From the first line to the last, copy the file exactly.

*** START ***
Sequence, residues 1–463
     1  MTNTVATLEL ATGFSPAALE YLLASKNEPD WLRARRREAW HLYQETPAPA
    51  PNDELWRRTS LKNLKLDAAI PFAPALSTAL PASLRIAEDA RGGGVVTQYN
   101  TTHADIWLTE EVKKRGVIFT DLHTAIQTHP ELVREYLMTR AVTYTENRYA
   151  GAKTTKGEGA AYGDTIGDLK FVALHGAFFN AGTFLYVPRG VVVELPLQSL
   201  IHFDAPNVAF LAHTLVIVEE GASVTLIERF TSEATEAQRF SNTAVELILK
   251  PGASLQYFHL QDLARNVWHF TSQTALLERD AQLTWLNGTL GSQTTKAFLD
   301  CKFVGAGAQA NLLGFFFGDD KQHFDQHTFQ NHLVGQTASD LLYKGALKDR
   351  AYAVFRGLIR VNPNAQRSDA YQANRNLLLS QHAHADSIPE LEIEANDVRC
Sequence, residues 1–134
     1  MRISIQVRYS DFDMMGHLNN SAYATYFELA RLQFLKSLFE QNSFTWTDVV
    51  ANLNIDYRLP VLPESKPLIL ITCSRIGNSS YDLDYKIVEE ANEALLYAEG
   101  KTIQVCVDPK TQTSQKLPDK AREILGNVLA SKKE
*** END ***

Sequence, residues 1–463
     1  MTNTVATLEL ATGFSPAALE YLLASKNEPD WLRARRREAW HLYQETPAPA
    51  PNDELWRRTS LKNLKLDAAI PFAPALSTAL PASLRIAEDA RGGGVVTQYN
   101  TTHADIWLTE EVKKRGVIFT DLHTAIQTHP ELVREYLMTR AVTYTENRYA
   151  GAKTTKGEGA AYGDTIGDLK FVALHGAFFN AGTFLYVPRG VVVELPLQSL
   201  IHFDAPNVAF LAHTLVIVEE GASVTLIERF TSEATEAQRF SNTAVELILK
   251  PGASLQYFHL QDLARNVWHF TSQTALLERD AQLTWLNGTL GSQTTKAFLD
   301  CKFVGAGAQA NLLGFFFGDD KQHFDQHTFQ NHLVGQTASD LLYKGALKDR
   351  AYAVFRGLIR VNPNAQRSDA YQANRNLLLS QHAHADSIPE LEIEANDVRC
Sequence, residues 1–134
     1  MRISIQVRYS DFDMMGHLNN SAYATYFELA RLQFLKSLFE QNSFTWTDVV
    51  ANLNIDYRLP VLPESKPLIL ITCSRIGNSS YDLDYKIVEE ANEALLYAEG
   101  KTIQVCVDPK TQTSQKLPDK AREILGNVLA SKKE